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March 31, 2016 Practice Points

How to Avoid Sanctions and Suits for Filing Frivolous Trade Secrets Claims

Frivolous suits for misappropriation of trade secrets may end up with court imposed sanctions or defending malicious prosecution.

by Candace R. Duff

Attorneys and law firms who file frivolous suits for misappropriation of trade secrets on behalf of their clients may end up paying the opposing party's attorney's fees as a result of court imposed sanctions or, worse yet, defending themselves in malicious prosecution cases.

In Homecare CRM, LLC v. Adam Group, Inc. of Middle Tenn., 952 F.Supp.2d 1373 (N.D. Ga. 2013), the court sanctioned a company and its counsel for filing a baseless trade secrets claim. Specifically, the court found that emails and other evidence in the plaintiff's possession negated the factual bases for the claim, making it objectively frivolous when filed, and that the plaintiff's counsel violated Fed.R.Civ.P.11 by signing the pleading containing the claim. Id.

The Latham & Watkins law firm found itself defending a malicious prosecution lawsuit after being defeated in a bench trial in a misappropriation of trade secrets case it filed on behalf of an employer against a group of former employees attempting to launch a competing business. The trial court not only ruled in the plaintiffs' favor at trial, but also found the claim to have been brought in bad faith. The former employees later filed a malicious prosecution suit against Latham & Watkins alleging that the firm knew the legal theory for the suit (inevitable disclosure) had been discredited in the state of California and that the employer had an anticompetitive motive for suing them. The lower court held that the malicious prosecution claim was barred by the "interim adverse judgment rule" because the trial court in the original case had denied a motion for summary judgment filed by the former employees on the trade secrets claim even though it later ruled in their favor at the bench trial. The California Court of Appeal upheld the trial court's ruling that the claim was barred. Parish v. Latham & Watkins, 238 Cal.App.4th 81 (2015). However, Latham & Watkins' battle on this issue is far from over. The California Supreme Court announced that it will reconsider the appellate court's decision. The matter is now pending before it.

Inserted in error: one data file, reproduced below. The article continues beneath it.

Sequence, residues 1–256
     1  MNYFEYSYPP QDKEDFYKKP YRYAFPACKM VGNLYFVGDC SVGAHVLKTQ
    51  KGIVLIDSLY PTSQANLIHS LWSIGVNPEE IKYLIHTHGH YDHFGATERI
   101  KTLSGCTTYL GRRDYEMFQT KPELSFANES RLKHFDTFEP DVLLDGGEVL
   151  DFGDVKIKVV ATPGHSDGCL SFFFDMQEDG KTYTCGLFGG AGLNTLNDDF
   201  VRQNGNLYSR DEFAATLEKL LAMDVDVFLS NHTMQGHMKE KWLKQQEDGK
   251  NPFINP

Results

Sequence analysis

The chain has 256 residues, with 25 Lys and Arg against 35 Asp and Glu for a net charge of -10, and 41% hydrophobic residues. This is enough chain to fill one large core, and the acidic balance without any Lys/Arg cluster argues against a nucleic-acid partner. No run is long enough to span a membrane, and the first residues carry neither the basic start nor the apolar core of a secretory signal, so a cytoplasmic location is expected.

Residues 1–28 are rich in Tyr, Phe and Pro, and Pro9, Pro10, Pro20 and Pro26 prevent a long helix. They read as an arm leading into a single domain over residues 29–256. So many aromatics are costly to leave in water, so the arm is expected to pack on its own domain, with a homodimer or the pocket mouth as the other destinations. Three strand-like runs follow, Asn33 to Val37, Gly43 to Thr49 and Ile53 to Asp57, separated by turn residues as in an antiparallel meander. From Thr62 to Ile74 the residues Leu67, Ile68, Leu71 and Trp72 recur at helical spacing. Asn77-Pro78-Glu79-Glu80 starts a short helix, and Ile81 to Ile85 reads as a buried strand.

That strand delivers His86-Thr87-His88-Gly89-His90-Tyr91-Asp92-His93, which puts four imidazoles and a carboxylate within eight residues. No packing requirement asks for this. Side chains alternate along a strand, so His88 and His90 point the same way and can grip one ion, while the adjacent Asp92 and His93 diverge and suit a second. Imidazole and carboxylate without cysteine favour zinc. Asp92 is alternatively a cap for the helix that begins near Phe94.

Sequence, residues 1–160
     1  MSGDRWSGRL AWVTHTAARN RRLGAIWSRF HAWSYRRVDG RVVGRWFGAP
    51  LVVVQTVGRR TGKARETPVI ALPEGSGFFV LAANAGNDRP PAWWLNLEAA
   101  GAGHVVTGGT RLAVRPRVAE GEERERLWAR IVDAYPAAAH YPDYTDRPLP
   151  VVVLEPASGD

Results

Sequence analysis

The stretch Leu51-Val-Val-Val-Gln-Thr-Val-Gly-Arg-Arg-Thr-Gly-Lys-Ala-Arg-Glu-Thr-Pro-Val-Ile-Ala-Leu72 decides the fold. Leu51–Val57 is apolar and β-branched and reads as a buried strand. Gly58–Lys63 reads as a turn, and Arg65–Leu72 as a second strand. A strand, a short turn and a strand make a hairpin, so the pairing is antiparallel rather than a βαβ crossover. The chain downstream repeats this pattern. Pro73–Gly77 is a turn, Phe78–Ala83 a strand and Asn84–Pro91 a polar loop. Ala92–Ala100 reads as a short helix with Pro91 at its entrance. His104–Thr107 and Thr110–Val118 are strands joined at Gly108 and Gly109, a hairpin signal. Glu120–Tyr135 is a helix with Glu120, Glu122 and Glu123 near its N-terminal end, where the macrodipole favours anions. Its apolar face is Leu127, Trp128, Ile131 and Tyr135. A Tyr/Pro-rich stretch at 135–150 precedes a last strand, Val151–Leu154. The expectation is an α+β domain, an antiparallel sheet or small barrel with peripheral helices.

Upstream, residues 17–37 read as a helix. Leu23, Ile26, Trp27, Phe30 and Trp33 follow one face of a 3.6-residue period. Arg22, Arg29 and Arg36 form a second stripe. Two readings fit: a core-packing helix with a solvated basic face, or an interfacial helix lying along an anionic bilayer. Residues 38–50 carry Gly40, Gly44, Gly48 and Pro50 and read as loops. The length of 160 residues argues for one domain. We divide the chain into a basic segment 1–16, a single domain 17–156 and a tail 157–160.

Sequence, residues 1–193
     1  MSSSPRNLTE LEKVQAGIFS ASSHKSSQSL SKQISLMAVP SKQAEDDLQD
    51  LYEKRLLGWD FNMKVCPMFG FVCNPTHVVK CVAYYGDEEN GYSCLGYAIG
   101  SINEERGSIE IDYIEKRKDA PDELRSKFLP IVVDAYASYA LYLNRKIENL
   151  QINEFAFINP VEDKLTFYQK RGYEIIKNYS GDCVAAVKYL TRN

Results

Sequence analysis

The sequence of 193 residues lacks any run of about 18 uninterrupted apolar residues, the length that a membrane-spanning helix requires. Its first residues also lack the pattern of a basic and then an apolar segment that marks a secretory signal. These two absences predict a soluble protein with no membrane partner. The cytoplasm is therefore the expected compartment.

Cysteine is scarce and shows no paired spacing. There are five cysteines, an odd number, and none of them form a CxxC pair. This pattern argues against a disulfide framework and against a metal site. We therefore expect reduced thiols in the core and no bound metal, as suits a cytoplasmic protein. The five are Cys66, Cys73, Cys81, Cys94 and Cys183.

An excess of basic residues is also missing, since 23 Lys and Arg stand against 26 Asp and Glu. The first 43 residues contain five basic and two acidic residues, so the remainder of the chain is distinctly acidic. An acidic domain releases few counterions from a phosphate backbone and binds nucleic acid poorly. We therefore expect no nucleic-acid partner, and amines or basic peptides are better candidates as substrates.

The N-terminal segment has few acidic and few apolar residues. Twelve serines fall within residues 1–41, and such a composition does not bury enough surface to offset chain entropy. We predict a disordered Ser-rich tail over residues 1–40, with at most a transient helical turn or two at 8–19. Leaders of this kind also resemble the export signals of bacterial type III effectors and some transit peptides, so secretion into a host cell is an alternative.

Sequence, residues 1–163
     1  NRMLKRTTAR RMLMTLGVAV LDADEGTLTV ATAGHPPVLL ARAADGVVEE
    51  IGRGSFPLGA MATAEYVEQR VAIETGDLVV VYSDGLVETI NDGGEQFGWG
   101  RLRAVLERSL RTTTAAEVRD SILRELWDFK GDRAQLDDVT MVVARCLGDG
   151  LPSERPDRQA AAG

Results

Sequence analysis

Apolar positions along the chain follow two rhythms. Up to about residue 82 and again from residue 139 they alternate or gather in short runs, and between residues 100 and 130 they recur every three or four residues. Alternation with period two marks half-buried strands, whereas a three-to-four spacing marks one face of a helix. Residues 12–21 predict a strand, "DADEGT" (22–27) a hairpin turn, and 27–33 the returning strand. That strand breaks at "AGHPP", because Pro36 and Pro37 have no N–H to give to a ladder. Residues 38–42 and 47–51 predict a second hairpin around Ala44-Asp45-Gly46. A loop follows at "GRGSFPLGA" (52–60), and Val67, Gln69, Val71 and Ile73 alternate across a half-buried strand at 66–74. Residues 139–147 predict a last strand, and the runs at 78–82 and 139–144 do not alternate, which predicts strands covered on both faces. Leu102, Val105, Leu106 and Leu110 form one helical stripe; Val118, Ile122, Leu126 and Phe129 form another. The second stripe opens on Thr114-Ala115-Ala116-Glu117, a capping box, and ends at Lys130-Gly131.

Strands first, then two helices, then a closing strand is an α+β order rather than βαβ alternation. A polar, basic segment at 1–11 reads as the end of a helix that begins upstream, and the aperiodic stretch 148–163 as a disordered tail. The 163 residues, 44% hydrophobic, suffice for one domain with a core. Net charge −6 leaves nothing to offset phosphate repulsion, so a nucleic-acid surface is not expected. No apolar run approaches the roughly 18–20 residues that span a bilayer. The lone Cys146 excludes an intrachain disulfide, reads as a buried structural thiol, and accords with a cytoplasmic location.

What can we learn from these two cases to avoid being sanctioned or sued for filing frivolous trade secrets cases? We can learn the following:

  1. Don't file a factually baseless claim. This may seem obvious but it's not. Before filing a trade secrets claim (or any other claim for that matter), be sure to thoroughly vet the claim, the witnesses, and the documents to make sure there is actually a factual basis for it and no documents completely negating and/or contradicting the claim. A mere suspicion that there has been a misappropriation of trade secrets is not enough to provide a factual basis.
  2. Don't file a legally baseless claim. Make sure that your legal basis for the claim is one that is viable in the jurisdiction in which you are bringing it. If the courts in that jurisdiction have consistently rejected, discredited, or failed to recognize the legal theory forming the basis of the claim, chances are the court will find the claim to be frivolous.
  3. Be mindful of your client's motives. It's one thing if your clients wish to protect genuine trade secrets. It's another if their sole motive for bringing a trade secrets lawsuit is to stop their former employees from competing with them.
  4. If you later discover the claim to be frivolous, dismiss it. Fed.R.Civ.P. 11 requires us to dismiss any lawsuit we learn to be frivolous at any point in the litigation. It's better to be safe than sorry.

Keywords: Commercial litigation; business litigation; trade secrets; malicious prosecution; sanctions

Candace R. Duff, Esq. is with the City Attorney's Office in Fort Lauderdale, Florida.

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